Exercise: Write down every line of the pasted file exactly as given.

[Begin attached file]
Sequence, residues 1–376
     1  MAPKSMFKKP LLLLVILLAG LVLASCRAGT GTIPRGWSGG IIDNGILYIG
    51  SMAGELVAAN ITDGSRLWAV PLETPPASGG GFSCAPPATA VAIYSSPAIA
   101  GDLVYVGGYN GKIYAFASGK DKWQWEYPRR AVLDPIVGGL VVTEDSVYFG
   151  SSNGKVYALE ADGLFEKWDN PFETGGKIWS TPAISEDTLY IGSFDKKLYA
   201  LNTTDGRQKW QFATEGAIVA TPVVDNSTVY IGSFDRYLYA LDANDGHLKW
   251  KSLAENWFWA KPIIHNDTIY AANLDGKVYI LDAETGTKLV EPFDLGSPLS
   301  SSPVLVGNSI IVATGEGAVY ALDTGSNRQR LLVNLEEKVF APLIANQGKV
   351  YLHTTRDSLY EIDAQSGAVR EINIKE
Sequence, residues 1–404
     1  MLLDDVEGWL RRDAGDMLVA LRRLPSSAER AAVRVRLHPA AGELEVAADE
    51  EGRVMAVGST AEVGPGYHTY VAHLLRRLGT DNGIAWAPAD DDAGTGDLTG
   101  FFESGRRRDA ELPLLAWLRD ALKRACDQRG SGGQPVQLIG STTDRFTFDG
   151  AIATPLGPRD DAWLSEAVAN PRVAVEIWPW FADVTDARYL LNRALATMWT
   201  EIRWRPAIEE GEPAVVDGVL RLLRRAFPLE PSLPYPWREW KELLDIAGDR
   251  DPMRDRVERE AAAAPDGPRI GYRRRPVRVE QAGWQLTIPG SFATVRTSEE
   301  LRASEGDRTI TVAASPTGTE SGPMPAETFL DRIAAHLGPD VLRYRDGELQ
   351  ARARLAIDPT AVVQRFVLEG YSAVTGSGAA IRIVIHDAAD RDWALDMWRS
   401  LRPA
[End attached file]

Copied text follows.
Sequence, residues 1–376
     1  MAPKSMFKKP LLLLVILLAG LVLASCRAGT GTIPRGWSGG IIDNGILYIG
    51  SMAGELVAAN ITDGSRLWAV PLETPPASGG GFSCAPPATA VAIYSSPAIA
   101  GDLVYVGGYN GKIYAFASGK DKWQWEYPRR AVLDPIVGGL VVTEDSVYFG
   151  SSNGKVYALE ADGLFEKWDN PFETGGKIWS TPAISEDTLY IGSFDKKLYA
   201  LNTTDGRQKW QFATEGAIVA TPVVDNSTVY IGSFDRYLYA LDANDGHLKW
   251  KSLAENWFWA KPIIHNDTIY AANLDGKVYI LDAETGTKLV EPFDLGSPLS
   301  SSPVLVGNSI IVATGEGAVY ALDTGSNRQR LLVNLEEKVF APLIANQGKV
   351  YLHTTRDSLY EIDAQSGAVR EINIKE
Sequence, residues 1–404
     1  MLLDDVEGWL RRDAGDMLVA LRRLPSSAER AAVRVRLHPA AGELEVAADE
    51  EGRVMAVGST AEVGPGYHTY VAHLLRRLGT DNGIAWAPAD DDAGTGDLTG
   101  FFESGRRRDA ELPLLAWLRD ALKRACDQRG SGGQPVQLIG STTDRFTFDG
   151  AIATPLGPRD DAWLSEAVAN PRVAVEIWPW FADVTDARYL LNRALATMWT
   201  EIRWRPAIEE GEPAVVDGVL RLLRRAFPLE PSLPYPWREW KELLDIAGDR
   251  DPMRDRVERE AAAAPDGPRI GYRRRPVRVE QAGWQLTIPG SFATVRTSEE
   301  LRASEGDRTI TVAASPTGTE SGPMPAETFL DRIAAHLGPD VLRYRDGELQ
   351  ARARLAIDPT AVVQRFVLEG YSAVTGSGAA IRIVIHDAAD RDWALDMWRS
   401  LRPA